IN RE: DODDS' ESTATE. WAIDLEY v. DOBBS.
This is an attempted appeal by the contestant from an order appointing an administrator. Trial was had before the court without a jury on the issues raised by the petition for letters of administration and the contestant's answer. The filing of written findings of fact and conclusions of law was not waived; they were filed on January 19, 1942, and the judgment based thereon was filed January 22, 1942. The notice of appeal was filed January 10, 1942. At the conclusion of the trial on January 6, 1942, the court orally announced what its decision would be and a minute entry was made as follows: “Petn granted. Bond 13500 Surety 27000 personal.” Appellant relies on this minute entry as being the judgment from which the appeal is taken. He calls our attention to section 1221 of the Probate Code, which reads “All orders and decrees of the court or judge must be entered at length in the minute–book of the court, or else signed by the judge and filed; but decrees of distribution must always be so entered at length.” We conclude that respondent's motion to dismiss the appeal on the ground that it was taken prematurely must be granted.
Section 1230 of the Probate Code provides that: “All issues of fact joined in probate proceedings must be tried in conformity with the requirements of the rules of practice in civil actions. The party affirming is plaintiff, and the one denying or avoiding is defendant. * * * If no jury is demanded, the court must try the issues joined, and sign and file its decision in writing, as provided in civil actions. * * *” Section 632 of the Code of Civil Procedure, which governs the procedure in civil actions, requires that (except when waived as therein provided): “In superior courts and municipal courts, upon the trial of a question of fact by the court, its decision must be given in writing and filed with the clerk * * *.”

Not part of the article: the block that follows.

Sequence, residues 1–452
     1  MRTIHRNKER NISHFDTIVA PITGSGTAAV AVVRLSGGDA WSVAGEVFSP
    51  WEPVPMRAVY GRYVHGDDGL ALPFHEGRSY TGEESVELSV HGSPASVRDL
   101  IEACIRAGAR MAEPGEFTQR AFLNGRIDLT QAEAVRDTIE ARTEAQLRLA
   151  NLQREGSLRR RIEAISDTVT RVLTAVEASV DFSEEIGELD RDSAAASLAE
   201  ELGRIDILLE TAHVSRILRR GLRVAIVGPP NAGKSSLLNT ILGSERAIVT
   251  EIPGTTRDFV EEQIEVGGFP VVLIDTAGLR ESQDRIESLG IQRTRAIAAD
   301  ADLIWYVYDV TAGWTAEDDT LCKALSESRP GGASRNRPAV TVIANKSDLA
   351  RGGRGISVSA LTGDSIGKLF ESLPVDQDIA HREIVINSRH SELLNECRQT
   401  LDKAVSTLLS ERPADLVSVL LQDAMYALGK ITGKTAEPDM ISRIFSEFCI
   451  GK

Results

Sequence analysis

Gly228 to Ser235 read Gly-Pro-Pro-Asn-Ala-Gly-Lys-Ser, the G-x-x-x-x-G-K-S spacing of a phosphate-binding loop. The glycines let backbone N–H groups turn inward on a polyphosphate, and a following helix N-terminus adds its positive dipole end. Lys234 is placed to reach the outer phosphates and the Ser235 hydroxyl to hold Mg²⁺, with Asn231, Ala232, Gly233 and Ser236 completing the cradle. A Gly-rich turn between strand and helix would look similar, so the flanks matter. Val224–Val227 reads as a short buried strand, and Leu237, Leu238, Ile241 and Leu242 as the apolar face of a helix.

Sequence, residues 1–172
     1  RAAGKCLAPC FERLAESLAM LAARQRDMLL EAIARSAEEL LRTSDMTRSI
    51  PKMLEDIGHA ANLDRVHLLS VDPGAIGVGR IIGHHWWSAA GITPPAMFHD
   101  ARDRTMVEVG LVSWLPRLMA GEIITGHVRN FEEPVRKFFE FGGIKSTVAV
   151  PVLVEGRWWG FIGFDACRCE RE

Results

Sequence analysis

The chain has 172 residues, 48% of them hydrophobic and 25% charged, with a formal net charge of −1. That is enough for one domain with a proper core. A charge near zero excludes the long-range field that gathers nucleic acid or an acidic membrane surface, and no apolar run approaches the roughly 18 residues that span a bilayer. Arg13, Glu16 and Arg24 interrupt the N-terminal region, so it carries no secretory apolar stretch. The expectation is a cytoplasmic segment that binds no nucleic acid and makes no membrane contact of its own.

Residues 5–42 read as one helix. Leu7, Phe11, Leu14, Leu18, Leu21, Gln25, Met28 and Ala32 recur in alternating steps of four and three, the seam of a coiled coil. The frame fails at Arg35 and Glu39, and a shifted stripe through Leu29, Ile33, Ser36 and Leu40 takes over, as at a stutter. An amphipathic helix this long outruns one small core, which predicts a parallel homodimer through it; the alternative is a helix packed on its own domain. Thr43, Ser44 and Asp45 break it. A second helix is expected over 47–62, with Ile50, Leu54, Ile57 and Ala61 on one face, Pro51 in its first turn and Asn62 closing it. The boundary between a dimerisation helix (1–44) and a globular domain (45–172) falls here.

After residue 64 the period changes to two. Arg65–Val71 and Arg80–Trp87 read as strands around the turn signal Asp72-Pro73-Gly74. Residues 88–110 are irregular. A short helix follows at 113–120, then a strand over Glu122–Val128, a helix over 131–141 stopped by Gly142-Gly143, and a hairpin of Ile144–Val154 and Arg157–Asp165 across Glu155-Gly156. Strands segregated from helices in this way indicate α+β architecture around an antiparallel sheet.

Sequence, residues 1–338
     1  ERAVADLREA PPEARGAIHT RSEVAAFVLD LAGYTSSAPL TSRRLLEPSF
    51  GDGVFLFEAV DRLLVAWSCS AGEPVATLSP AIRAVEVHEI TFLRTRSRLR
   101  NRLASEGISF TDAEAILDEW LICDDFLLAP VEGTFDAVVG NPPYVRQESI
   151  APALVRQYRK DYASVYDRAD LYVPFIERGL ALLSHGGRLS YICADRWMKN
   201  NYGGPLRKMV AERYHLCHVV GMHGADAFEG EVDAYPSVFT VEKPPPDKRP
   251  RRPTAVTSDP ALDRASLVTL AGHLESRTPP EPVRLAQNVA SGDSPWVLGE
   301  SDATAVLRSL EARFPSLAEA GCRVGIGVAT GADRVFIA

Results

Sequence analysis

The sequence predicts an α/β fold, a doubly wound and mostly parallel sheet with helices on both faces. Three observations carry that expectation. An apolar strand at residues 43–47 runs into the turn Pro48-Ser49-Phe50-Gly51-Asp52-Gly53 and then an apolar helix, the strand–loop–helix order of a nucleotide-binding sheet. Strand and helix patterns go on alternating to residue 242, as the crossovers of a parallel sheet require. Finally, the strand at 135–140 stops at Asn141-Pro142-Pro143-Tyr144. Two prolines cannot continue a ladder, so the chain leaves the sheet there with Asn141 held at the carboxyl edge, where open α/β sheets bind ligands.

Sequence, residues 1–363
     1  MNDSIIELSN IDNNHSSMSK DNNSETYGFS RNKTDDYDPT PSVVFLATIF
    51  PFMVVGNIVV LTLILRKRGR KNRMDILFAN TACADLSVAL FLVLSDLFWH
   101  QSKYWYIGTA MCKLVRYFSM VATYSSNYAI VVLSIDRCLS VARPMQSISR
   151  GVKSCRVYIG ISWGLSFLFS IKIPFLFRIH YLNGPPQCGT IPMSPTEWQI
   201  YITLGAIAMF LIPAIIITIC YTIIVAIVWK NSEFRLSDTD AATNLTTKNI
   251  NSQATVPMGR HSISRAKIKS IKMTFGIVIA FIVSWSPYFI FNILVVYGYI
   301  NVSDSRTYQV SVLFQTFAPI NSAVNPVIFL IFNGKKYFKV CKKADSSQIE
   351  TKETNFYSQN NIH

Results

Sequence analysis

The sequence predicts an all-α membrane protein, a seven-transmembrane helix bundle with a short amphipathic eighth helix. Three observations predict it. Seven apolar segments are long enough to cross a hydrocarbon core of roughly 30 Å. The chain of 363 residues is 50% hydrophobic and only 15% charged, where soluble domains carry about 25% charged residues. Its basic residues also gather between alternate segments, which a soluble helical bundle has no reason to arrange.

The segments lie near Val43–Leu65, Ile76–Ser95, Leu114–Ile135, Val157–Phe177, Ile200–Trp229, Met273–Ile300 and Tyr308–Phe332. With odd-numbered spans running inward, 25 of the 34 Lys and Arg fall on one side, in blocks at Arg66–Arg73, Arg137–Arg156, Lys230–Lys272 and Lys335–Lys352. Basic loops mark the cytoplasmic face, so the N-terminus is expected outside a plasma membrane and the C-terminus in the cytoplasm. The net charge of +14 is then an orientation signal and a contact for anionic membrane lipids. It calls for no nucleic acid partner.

It is well settled that whenever findings are required there can be no rendition of the judgment until they are made and filed with the clerk. (Crim v. Kessing, (1891) 89 Cal. 478, 487–488, 26 P. 1074, 23 Am.St.Rep. 491; Brownell v. Superior Court, (1910) 157 Cal. 703, 707, 109 P. 91); a judgment entered prior thereto is void (Easterly v. Cook, (1934) 140 Cal.App. 115, 123, 35 P.2d 164.) Therefore, even if we could regard the minute entry of January 6, 1942, as being otherwise a judgment it would have no validity because it was entered prior to filing the decision. On the record before us it cannot constitute the basis for an appeal.
Section 939 of the Code of Civil Procedure provides that an appeal may be taken “within sixty days from the entry” of the judgment or order to be appealed from or within thirty days “after” determination of a motion for a new trial. It also ordains that no appeal “shall be dismissed on the ground that it was taken after the rendition of such judgment or order and before formal entry.” This latter provision, however, cannot save the attempted appeal in the instant case. It was taken before the rendition of the judgment and hence is irrefragably premature. (Aspegren & Co., Inc., v. Sherwood, Swan & Co., (1926) 199 Cal. 532, 537, 250 P. 400; Young v. Briggs, (1936) 17 Cal.App.2d 338, 344, 61 P.2d 1223.)
The appeal is dismissed.
SCHAUER, Presiding Justice.
SHINN and PARKER WOOD, JJ., concurred.